PipeChat Digest #1049 - Monday, August 30, 1999
 
Suggestions needed for Organ Dedication
  by "Pat Maimone" <patmai@juno.com>
Re: Suggestions needed for Organ Dedication
  by <DudelK@aol.com>
Re: Suggestions needed for Organ Dedication
  by "Richard Pinel" <rpinelchat@musicman123.freeserve.co.uk>
Being an organist
  by "Richard Pinel" <rpinelchat@musicman123.freeserve.co.uk>
Municipal Mollers: Two lost organs revisited  (LONG!!)
  by "Will Scarboro" <whs1325@garnet.acns.fsu.edu>
Small home pipe organ?
  by "Michael Robertson" <mrobe@ibm.net>
Re: Small home pipe organ?
  by <HensonMark@aol.com>
Re: Small home pipe organ?
  by "jchabermaas" <opus1100@theatreorgans.com>
Re: Being an organist
  by "bruce cornely" <rohrschok8@webtv.net>
Re: Municipal Mollers: Two lost organs revisited  (LONG!!)
  by "bruce cornely" <rohrschok8@webtv.net>
Re: Small home pipe organ?
  by "bruce cornely" <rohrschok8@webtv.net>
Re: Suggestions needed for Organ Dedication
  by "Bud/Burgie" <budchris@earthlink.net>
Re: Small home pipe organ?
  by <Prestant16@aol.com>
Goin' to the Court
  by "Jason D. Comet" <bombarde8@juno.com>
Re: Suggestions needed for Organ Dedication
  by "N Brown" <Innkawgneeto@webtv.net>
Re:  What pieces are these?
  by "Jeff Stanway" <jstanway@mail.island.net>
Re: Being an organist
  by "N Brown" <Innkawgneeto@webtv.net>
Music at First Church (X-posted)
  by "N Brown" <Innkawgneeto@webtv.net>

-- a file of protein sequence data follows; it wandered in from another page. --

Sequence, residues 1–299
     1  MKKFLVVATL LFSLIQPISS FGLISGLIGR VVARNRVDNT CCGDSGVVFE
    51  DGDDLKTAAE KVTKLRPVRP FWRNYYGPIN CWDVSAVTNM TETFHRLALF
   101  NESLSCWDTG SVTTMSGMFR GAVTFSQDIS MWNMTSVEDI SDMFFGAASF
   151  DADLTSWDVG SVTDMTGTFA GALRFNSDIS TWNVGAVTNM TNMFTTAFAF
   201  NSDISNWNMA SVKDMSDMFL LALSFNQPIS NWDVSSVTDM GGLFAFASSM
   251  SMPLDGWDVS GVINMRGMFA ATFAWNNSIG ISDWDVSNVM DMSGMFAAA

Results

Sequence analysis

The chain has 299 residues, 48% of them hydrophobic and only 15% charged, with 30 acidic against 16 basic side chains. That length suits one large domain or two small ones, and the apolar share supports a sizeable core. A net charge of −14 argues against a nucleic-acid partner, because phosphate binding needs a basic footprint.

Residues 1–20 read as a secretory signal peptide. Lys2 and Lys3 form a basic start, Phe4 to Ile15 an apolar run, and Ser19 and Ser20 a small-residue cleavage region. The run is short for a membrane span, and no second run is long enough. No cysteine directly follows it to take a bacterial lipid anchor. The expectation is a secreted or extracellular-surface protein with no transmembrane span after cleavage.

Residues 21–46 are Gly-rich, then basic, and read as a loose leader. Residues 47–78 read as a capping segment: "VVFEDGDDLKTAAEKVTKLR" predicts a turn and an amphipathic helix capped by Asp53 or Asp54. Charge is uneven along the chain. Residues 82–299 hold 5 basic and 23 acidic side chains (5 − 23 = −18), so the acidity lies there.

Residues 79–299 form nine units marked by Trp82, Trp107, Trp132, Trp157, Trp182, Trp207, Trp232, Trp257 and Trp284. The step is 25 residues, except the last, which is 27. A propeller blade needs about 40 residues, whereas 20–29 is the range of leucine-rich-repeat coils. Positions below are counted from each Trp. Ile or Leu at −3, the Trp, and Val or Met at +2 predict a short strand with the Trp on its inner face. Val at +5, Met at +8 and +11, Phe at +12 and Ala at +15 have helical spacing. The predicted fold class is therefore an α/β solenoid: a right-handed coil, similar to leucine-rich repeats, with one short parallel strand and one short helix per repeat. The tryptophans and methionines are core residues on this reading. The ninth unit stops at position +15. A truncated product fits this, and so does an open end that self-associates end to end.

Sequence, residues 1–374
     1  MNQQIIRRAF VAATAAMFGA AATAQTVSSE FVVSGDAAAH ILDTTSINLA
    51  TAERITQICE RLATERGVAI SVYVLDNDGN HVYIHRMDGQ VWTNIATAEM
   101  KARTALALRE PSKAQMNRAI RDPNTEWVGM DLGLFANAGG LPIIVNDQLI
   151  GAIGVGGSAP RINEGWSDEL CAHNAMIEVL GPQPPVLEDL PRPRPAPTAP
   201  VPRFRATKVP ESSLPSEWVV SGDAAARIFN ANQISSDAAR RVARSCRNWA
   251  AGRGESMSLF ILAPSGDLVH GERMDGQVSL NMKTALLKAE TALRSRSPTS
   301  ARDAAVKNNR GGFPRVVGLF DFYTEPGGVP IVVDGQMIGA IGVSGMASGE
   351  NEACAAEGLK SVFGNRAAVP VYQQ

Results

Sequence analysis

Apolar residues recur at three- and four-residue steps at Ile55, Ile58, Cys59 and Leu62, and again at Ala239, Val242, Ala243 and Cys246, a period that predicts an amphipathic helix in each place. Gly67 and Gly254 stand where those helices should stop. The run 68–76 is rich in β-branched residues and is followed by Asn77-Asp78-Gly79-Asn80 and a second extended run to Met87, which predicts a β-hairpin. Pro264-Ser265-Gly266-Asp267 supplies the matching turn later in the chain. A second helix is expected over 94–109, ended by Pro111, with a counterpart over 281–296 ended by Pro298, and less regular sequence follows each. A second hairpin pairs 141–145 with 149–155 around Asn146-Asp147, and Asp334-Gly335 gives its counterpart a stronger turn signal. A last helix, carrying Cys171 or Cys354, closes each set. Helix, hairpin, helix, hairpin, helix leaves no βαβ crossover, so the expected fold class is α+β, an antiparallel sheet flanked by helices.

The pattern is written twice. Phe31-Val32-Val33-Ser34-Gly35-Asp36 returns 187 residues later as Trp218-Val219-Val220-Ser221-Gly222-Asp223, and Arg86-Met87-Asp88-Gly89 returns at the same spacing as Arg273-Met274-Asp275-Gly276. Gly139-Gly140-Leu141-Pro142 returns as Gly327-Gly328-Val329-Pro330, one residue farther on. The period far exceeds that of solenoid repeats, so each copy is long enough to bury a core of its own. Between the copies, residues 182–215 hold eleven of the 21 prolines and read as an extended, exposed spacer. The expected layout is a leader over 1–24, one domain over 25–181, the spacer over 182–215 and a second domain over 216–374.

(back) Subject: Suggestions needed for Organ Dedication From: Pat Maimone <patmai@juno.com> Date: Sun, 29 Aug 1999 06:46:30 -0400   Early Sunday morning greetings, Pipechatters!   On Choralist, Karen DeBack <Singer83@aol.com> asked for suggestions for a choral piece or two with organ accompaniment for the upcoming rededication of her church's recently releathered Austin.   Here are some details about the church and the instrument: ELCA Evangelical Lutheran Church of America, Elgin, Illinois ( Elgin is about 1 hour NW of Chicago.) Austin 3 manual pipe organ of 31 ranks of pipes, plus chimes & cymbala installed in 1965. When I asked, "Is your organist a topnotch one who could play music of any level of difficulty?" her reply was "Topnotch organist! :) We're so lucky."   My first thought was Cesar Franck's "Psalm 150," with the translation of verse 4b (only one cup of coffee speaking;-) that says "Praise him with stringed instruments and organs."   She is looking forward to our suggestions and thanks us a million [in advance] for our time and talents.   Hope that all your services go well today. Ours will be held at a local pond in honor of the ceremony of baptism as well as a Newcomers' Welcome Picnic.   Pat Maimone (ordinarily at the Post Chapel III/57 hybrid Aeolian-Skinner/Moeller console/Gress-Miles) West Point, NY ___________________________________________________________________ Get the Internet just the way you want it. Free software, free e-mail, and free Internet access for a month! Try Juno Web: http://dl.www.juno.com/dynoget/tagj.